Sunday, December 21, 2008

The Break-Up of Chimerica

. Sunday, December 21, 2008

Niall Ferguson, with all kinds of good stuff:

We are living through a challenge to a phenomenon Moritz Schularick and I have christened “Chimerica.”1 In this view, the most important thing to understand about the world economy over the past decade has been the relationship between China and America. If you think of it as one economy called Chimerica, that relationship accounts for around 13 percent of the world’s land surface, a quarter of its population, about a third of its gross domestic product, and somewhere over half of the global economic growth of the past six years.

For a time, it was a symbiotic relationship that seemed like a marriage made in heaven. Put simply, one half did the saving, the other half the spending. Comparing net national savings as a proportion of Gross National Income, American savings declined from above 5 percent in the mid 1990s to virtually zero by 2005, while Chinese savings surged from below 30 percent to nearly 45 percent. This divergence in saving patterns allowed a tremendous explosion of debt in the United States, for one effect of the Asian “savings glut” was to make it much cheaper for households to borrow money than would otherwise have been the case.

Of course that "arrangement" is unraveling, as the Great Adjustment progresses. There is more:

Among the other developed economies, both the Eurozone and Japan are already officially in recession, ahead of the United States. The European situation is especially precarious because, contrary to popular belief, European banks are in worse shape than their American counterparts. Average bank leverage in the United States is around 12:1. In Germany the figure is 52:1. Short-term bank liabilities are equivalent to 15 percent of U.S. GDP; the British figure is 156 percent. Indeed, the United Kingdom runs a real risk of being Greater Iceland—an economy crushed by a super-sized financial sector.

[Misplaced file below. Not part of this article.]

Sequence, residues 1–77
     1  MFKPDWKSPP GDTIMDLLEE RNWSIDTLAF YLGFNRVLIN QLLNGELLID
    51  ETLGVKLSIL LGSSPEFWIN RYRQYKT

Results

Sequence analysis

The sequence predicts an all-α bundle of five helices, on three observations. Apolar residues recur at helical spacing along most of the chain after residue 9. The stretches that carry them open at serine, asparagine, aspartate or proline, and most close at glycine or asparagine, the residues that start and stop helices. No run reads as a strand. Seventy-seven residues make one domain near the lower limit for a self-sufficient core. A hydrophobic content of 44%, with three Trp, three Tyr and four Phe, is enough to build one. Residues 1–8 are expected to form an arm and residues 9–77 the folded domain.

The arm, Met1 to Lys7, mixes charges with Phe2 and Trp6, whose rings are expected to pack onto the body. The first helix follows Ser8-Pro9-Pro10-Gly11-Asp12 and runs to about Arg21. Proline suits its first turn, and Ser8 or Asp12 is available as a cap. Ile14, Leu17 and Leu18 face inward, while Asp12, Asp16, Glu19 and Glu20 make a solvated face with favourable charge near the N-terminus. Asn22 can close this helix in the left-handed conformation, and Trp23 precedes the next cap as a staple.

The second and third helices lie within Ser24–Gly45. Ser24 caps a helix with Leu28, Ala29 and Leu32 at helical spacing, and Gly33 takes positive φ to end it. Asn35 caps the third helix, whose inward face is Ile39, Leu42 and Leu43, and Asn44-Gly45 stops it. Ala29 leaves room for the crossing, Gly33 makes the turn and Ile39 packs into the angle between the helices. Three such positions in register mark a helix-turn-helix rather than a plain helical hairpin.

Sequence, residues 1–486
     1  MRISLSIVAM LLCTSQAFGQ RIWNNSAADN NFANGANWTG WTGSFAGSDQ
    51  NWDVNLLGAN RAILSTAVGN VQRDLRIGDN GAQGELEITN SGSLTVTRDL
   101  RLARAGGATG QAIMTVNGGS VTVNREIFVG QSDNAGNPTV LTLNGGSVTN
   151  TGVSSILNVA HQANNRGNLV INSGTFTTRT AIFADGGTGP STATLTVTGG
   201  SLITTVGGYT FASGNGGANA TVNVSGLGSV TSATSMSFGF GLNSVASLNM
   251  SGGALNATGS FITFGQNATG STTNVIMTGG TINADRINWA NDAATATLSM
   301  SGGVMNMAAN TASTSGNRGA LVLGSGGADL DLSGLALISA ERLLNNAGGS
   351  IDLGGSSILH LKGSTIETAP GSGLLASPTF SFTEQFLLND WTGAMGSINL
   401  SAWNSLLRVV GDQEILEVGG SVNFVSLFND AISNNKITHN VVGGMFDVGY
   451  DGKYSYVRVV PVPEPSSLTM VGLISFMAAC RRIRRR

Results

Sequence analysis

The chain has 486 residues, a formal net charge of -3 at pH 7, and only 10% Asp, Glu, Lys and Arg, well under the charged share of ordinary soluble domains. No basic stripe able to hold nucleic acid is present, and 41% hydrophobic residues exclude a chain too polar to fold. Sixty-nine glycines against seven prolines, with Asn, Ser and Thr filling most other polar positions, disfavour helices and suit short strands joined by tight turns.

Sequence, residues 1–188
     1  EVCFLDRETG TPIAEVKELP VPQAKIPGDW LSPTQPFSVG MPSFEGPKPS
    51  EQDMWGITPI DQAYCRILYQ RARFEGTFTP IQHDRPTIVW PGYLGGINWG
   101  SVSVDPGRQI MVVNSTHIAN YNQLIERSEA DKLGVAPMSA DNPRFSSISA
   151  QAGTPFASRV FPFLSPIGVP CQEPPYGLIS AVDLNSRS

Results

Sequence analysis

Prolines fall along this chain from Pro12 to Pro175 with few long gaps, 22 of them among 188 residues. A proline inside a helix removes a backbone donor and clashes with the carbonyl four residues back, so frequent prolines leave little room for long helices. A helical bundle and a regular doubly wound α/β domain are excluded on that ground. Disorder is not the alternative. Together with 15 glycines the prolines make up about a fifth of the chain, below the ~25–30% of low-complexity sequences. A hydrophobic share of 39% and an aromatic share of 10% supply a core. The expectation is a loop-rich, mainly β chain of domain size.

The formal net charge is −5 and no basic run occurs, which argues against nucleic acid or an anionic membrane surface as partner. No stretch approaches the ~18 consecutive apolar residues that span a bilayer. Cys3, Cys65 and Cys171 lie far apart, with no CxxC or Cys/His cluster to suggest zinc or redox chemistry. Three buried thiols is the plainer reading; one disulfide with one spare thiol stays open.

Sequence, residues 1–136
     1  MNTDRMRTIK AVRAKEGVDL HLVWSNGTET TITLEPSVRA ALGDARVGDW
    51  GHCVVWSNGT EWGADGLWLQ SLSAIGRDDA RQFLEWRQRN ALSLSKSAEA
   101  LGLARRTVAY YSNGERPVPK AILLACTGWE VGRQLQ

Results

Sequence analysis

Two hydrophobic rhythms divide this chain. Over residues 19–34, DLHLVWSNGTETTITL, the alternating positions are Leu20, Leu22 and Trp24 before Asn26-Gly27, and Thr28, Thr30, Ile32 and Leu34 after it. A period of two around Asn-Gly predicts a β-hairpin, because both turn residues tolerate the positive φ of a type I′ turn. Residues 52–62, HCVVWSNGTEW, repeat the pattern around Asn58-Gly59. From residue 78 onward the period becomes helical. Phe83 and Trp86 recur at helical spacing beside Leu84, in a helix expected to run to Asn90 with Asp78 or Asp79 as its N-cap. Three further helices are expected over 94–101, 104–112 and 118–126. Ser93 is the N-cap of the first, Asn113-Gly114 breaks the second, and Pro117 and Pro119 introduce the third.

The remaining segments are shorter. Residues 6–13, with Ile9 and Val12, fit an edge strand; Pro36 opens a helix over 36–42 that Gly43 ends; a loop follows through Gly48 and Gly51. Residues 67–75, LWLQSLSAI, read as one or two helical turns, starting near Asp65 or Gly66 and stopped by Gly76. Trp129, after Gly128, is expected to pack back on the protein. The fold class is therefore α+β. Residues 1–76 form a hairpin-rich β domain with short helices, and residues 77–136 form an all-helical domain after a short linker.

Emerging markets, too, have been hammered harder by the crisis than the “decoupling” thesis promised. In the year to the end of October 2008, the U.S. stock market declined by 34 percent. But Brazil’s was down 54 percent, China’s 58 percent, India’s 64 percent and Russia’s 66 percent. When Goldman Sachs christened these four countries the BRICs, they little realized that their equity markets would one day be dropping like bricks. These figures are scarcely good advertisements for the more regulated, state-led economic models favored in Beijing and Moscow.

The financial crisis is especially bad news for energy exporters: not only belligerent Russia, whose leaders yearn for a reconstituted Soviet empire, but also those other thorns in the side of the United States, Iran and Venezuela. Any oil price below $94 a barrel is bad news for Venezuela’s fragile finances; any price below $55 spells trouble for Iran.

What does it mean? The U.S. is actually remarkably well-positioned to ride out this storm compared almost every other country; whether developed or emerging, more or less regulated, net importer or exporter. Remember that when you hear that
The American Century is over, or capitalism is dead, or any other similar sentiment.


The Break-Up of Chimerica




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